Skip to Content

Coronavirus: Get complete details about the university's response to COVID-19.

Center for Teaching Excellence

  • Instructional Designer

CTE Has Resources to Help You Keep Teaching

The coronavirus pandemic has forced many faculty to redesign their courses in order to transition to remote teaching. It can be difficult to implement such a drastic change halfway through the semester, especially for those who have always preferred face-to-face instruction. With remote teaching continuing through the summer term, the instructional designers at the Center for Teaching Excellence are prepared to help faculty every step of the way.

CTE’s Instructional Design team assists faculty in planning their courses, utilizing the best technology, and finding ways to engage with students. With the abrupt switch to remote teaching, it’s not surprising that there would be an influx of faculty seeking guidance. Instructional designer Casey Carroll thinks back to his initial reaction when it was announced classes would no longer be held in person.

“This is exactly what we’re here for. This is what we always try to help instructors with, so I knew for this specific situation there’s going to be a lot of instructors who are concerned and overwhelmed and feeling like they didn’t really know what to do next. I knew that we would be able to help them feel more comfortable with all of the resources and services that we have.” Carroll says.

With only a week to prepare for the big transition, the instructional designers held many consultations, webinars and virtual drop-in sessions to help the process run as smoothly as possible. “In this situation, what we’re really trying to help people do is the easiest thing that’s going to help their students get the maximum value out of their learning,” Carroll says. Many entered a new terrain to explore tools and technology that would best benefit their students.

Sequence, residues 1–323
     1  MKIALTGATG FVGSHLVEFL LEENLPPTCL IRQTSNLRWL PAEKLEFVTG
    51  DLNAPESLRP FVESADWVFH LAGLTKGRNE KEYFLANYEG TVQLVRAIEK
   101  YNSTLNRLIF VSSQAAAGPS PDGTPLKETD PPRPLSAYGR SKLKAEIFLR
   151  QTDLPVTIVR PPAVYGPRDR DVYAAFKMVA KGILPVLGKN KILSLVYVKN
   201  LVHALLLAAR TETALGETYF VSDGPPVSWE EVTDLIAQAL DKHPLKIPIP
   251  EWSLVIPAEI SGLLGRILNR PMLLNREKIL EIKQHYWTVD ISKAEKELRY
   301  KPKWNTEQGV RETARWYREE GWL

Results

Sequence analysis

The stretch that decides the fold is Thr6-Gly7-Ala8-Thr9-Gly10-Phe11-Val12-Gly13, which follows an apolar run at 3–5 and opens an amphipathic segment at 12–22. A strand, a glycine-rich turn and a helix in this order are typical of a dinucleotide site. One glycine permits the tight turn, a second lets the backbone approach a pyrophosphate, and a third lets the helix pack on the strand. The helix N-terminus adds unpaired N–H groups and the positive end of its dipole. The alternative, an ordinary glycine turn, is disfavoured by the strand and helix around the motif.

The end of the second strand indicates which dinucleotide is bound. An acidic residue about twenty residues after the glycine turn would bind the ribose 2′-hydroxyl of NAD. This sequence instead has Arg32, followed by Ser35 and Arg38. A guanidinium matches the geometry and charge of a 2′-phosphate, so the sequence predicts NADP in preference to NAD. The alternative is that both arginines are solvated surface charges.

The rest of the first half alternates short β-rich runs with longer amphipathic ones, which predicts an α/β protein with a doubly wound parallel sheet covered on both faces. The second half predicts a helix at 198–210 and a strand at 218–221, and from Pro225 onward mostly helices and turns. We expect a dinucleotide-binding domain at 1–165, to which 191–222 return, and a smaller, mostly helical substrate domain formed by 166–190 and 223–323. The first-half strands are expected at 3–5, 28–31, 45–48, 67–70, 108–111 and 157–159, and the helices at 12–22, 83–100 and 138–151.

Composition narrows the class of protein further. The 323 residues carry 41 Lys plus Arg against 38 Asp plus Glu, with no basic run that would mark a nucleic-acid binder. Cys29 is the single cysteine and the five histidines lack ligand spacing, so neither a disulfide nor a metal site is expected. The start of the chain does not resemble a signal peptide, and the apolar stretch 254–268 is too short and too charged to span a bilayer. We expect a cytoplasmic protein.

While it’s best to be able to plan ahead for online instruction, these circumstances made that difficult. “In online teaching we’re used to at least a three-step process of design, development and delivery. So with remote teaching, we had to refocus to condense the steps and get as many best practices in as possible,” says instructional designer Gloria Washington.

CTE continues to adapt to changes in order to best help faculty. The online short course “Getting Started Teaching Online” (GSTO) was originally an eight-week course that allowed instructors to experience online course development from a student perspective. Now, GSTO will be offered in a four-week format during the summer to help those who may need to quickly move a course online.

“They collaborate with each other and they collaborate with the instructor through student to student and instructor to student interaction. They engage with the course content and they complete assignments just as if they were students,” Washington says.

Fill out and submit the Instructional Design Consulation Request Form to schedule a consultation with a CTE Instructional Designer.


Challenge the conventional. Create the exceptional. No Limits.

©